I cut open a tube of lotion this week — something I do every time I can’t squeeze any more product out of its container. You’d be surprised at how much stuff you’ll find inside an “empty” receptacle, if you only cut it open. There’s usually enough in there to last a few more days. To me, it’s a no-brainer: all it takes is a few seconds and a good pair of scissors (careful with those), and the payback is enormous. Ok, maybe a handful of cream or shampoo doesn’t seem like much, but say you do this eight or ten times. Eight or ten handfuls = a whole new tube or bottle. That’s dollars saved, not to mention one less empty plastic container to end up in a landfill.
In class this week, as an introduction to the novel we’ll be reading for the rest of the semester, we had a discussion about bioethics — “to test our limits,” as our professor put it, of what we find acceptable and unacceptable when it comes to the commodification of the human body. Questions posed: if you were diagnosed with terminal kidney disease and couldn’t get a donated organ to replace yours, would you buy one from a poor man willing to sell his healthy kidney in order to feed his family? What about human trafficking — how did we feel about that? The general consensus seemed to be that the buying and selling of body parts was alright, but not of the whole human person. It was equally clear, though, that many people were unsettled by the whole idea of buying and selling humans, whether in whole or in part, although they couldn’t draw any clear lines as to what would be acceptable, and when. How old am I in the kidney scenario? How poor is the man? How much would a kidney be worth to me? To him? It seems to me that, to find your way out of any ethical or moral morass, it’s best to go back to the roots of the question at hand. Why am I doing this, and what would be the consequences of my actions? In the case of the buying and selling of organs, I’m aware that there already is a huge market out there, mainly feeding on the desperation of people, both buyers and sellers. Ultimately, I believe that saving a life should be a completely free act of love. Once you bring money into it, there is no dignity and no freedom. But moral and philosophical arguments aside, the idea that one action of mine, however small it seems in the relative scheme of things, could have huge consequences in the world at large, should be enough to give at least some pause.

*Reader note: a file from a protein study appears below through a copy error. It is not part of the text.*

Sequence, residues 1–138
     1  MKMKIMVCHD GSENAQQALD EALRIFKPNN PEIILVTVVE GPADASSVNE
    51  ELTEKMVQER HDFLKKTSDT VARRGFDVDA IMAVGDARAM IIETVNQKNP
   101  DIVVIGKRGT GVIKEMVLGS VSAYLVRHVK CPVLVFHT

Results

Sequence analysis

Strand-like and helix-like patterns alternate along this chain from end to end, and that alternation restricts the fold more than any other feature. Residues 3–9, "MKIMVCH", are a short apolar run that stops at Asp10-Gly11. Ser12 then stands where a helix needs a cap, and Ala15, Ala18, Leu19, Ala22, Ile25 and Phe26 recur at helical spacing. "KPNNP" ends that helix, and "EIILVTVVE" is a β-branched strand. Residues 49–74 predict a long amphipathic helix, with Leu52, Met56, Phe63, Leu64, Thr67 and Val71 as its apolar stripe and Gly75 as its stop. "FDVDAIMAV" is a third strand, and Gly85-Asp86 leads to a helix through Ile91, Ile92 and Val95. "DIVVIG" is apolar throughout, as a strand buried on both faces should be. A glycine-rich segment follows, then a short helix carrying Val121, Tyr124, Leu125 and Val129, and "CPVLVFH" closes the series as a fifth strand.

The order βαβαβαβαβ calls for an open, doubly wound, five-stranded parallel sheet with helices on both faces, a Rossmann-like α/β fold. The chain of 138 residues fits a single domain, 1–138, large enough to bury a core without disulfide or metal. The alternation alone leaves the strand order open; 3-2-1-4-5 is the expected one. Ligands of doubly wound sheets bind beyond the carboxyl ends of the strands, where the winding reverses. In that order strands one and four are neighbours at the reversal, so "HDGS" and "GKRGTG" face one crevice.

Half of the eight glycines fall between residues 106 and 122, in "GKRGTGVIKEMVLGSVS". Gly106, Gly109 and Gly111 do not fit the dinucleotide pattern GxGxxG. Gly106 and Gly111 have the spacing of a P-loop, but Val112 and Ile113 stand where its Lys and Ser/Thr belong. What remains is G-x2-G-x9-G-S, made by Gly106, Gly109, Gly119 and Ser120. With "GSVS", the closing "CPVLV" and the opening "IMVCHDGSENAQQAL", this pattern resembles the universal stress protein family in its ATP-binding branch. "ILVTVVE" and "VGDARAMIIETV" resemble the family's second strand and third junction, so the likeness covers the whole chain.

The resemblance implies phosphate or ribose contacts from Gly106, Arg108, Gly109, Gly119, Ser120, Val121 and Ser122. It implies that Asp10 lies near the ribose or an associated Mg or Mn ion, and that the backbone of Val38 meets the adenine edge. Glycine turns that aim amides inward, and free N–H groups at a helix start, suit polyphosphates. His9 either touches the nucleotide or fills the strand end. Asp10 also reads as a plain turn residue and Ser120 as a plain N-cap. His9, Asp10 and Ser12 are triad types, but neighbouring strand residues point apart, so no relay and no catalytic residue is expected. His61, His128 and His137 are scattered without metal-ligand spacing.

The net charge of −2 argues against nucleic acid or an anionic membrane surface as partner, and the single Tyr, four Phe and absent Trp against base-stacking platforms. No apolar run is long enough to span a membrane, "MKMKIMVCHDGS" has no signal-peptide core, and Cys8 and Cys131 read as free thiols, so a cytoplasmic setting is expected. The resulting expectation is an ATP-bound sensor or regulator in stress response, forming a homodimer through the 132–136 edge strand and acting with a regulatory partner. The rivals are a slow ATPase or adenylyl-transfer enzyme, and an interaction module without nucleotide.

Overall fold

Less than two years after the last provincial election in the province of Quebec, another one has been called for April 7. I’m excited, because this is the first time I’ll be able to vote here. But I understand how other people might not be so enthusiastic. Nevertheless, every vote counts. There’s one final example of cumulative effects. If half the population decides to stay home on election day, then they deserve the government they get. So, vote.
We must not, in trying to think about how we can make a big difference, ignore the small daily difference we can make which, over time, add up to big differences that we often cannot foresee. ~ Marian Wright Edelman